The FIA will not release the findings of its audit into Formula One's 2021 budget cap spending until Monday.
Last year's cap has become the biggest talking point in the sport, with rumours Red Bull and Aston Martin overspent the $140 million limit last year gaining traction in the build-up to the Singapore Grand Prix.
The FIA had been due to issue certificates of compliance to the teams who did adhere to the budget cap on Wednesday, but they have pushed back that deadline due to the complexity of the audit.
It means the controversy will linger into this weekend's Japanese Grand Prix.
If it is found that a team did overspend last year, the FIA will then enter a process to determine a sanction, which could range from a financial penalty to, in the most extreme cases, exclusion or suspension from the world championship.
As the budget cap was introduced last year this would be unprecedented territory for the FIA in terms of handing out a penalty.
Red Bull's Max Verstappen won the championship last year and can wrap up his second title at Suzuka this weekend.
A statement released on Wednesday said: "The FIA informs that the conclusion of the analysis of the 2021 financial submissions of the Formula 1 teams and the subsequent release of Certificates of Compliance to the Financial Regulations will not take place on Wednesday, 5 October.
"The analysis of financial submissions is a long and complex process that is ongoing and will be concluded to enable the release of the Certificates on Monday, 10 October. The Financial Regulations were agreed unanimously by all Competitors, who have worked positively and collaboratively with the FIA Cost Cap Administration throughout this first year under the Financial Regulations."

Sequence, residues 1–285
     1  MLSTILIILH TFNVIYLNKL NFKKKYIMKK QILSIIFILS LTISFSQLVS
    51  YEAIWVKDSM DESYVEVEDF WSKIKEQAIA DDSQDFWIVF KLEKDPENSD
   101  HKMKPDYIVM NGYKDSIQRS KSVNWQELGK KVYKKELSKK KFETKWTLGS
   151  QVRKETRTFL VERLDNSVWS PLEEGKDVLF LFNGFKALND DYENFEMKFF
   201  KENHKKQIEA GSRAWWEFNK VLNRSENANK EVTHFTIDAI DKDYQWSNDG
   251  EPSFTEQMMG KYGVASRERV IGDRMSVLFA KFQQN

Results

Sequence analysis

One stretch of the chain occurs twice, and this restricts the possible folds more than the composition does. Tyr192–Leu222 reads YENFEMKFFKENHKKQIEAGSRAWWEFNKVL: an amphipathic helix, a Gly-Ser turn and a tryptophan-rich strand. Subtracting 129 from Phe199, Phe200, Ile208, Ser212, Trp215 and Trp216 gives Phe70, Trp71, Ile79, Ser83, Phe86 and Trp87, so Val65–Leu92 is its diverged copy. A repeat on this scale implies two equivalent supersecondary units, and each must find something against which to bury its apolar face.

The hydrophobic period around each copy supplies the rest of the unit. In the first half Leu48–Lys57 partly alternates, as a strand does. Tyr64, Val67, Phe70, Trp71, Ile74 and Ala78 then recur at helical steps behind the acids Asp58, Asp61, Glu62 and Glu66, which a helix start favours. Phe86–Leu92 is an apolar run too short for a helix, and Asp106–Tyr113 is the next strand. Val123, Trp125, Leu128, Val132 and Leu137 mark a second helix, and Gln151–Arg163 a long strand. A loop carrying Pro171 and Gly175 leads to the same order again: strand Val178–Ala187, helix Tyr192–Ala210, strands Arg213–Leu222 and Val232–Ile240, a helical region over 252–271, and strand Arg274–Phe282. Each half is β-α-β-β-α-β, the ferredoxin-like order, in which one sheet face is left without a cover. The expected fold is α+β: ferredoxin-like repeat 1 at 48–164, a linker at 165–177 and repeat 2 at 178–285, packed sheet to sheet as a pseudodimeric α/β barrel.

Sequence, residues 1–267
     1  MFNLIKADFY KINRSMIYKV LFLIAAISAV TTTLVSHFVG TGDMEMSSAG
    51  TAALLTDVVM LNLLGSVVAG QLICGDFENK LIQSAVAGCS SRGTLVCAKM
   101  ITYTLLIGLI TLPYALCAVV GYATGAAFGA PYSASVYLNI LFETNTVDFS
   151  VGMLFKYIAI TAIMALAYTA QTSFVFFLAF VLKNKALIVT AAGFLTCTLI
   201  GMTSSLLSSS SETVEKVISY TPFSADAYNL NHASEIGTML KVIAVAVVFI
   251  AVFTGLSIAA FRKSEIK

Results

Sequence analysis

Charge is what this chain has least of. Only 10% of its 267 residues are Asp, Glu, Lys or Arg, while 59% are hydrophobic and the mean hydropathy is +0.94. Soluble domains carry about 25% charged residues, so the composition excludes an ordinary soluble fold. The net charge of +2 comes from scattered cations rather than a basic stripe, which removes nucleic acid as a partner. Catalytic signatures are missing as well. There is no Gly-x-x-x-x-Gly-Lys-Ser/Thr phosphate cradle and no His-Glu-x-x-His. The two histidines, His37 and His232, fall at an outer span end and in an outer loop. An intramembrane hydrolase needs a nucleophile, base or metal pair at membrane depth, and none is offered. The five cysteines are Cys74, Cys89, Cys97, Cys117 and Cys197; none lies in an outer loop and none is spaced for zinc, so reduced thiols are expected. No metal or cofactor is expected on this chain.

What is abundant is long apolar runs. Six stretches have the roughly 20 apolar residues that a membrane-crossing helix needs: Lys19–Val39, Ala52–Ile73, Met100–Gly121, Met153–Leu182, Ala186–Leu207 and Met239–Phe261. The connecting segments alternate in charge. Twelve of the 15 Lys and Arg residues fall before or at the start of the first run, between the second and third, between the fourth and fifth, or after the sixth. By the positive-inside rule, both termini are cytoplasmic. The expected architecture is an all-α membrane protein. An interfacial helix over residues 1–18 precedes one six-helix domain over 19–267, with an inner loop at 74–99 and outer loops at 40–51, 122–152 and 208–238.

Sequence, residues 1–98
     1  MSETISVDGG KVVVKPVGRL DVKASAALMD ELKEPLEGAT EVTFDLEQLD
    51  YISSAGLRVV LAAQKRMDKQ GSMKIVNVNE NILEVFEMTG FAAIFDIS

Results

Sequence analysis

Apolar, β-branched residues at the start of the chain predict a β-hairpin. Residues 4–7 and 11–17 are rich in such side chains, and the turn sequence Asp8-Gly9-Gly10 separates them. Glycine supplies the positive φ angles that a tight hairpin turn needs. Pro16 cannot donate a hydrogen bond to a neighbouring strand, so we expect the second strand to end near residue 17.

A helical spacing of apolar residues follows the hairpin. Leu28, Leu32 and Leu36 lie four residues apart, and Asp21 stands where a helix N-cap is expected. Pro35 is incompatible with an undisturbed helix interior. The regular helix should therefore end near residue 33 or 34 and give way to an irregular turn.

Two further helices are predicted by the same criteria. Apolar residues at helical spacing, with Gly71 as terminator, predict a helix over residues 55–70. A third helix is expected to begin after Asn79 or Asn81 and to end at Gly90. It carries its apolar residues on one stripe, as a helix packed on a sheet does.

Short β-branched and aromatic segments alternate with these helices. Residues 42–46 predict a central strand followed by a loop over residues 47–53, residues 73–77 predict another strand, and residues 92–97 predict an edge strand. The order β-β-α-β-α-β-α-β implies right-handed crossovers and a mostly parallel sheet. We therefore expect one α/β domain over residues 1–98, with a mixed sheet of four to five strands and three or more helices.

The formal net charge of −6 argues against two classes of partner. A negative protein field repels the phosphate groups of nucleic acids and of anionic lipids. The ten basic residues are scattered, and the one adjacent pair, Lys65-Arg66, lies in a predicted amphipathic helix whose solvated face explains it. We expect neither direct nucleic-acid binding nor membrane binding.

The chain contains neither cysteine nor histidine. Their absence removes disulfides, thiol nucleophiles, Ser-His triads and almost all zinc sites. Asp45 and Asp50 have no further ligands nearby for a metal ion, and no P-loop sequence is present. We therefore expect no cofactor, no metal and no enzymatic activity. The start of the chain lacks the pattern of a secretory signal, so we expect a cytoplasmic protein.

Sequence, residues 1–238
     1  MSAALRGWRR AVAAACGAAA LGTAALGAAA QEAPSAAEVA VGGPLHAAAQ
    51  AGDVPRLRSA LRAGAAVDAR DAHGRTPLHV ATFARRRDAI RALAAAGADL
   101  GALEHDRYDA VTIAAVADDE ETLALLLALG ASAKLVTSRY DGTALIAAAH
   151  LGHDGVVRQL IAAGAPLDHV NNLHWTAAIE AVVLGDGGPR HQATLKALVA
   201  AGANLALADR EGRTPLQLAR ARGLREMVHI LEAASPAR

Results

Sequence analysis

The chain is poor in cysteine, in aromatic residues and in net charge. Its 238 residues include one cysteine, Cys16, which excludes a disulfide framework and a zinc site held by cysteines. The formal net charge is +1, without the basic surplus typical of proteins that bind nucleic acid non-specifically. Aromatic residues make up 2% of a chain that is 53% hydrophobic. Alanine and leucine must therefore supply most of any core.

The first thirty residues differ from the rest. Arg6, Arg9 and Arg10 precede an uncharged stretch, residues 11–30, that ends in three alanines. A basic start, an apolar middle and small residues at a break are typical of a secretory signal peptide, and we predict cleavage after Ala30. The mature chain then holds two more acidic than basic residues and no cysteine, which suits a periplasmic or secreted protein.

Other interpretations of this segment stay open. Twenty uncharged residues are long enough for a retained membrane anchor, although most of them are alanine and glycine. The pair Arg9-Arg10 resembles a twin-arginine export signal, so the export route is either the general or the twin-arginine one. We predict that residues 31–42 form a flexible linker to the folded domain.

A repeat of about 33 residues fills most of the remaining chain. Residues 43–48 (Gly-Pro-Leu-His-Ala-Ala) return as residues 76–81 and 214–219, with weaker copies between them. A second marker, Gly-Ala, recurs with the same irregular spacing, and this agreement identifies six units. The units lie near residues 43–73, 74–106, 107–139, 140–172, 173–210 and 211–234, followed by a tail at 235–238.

The FIA also moved to clarify that members of other teams should not have any knowledge of rival teams' audits -- Mercedes boss Toto Wolff angered Red Bull's Christian Horner when he suggested it was an "open secret" one team significantly overspent last year.
"As previously communicated, there has been significant and unsubstantiated speculation and conjecture in relation to this matter, and the FIA reiterates that until it is finalised, no further information will be provided. The FIA also reiterates that any suggestion that FIA personnel have disclosed sensitive information is equally baseless."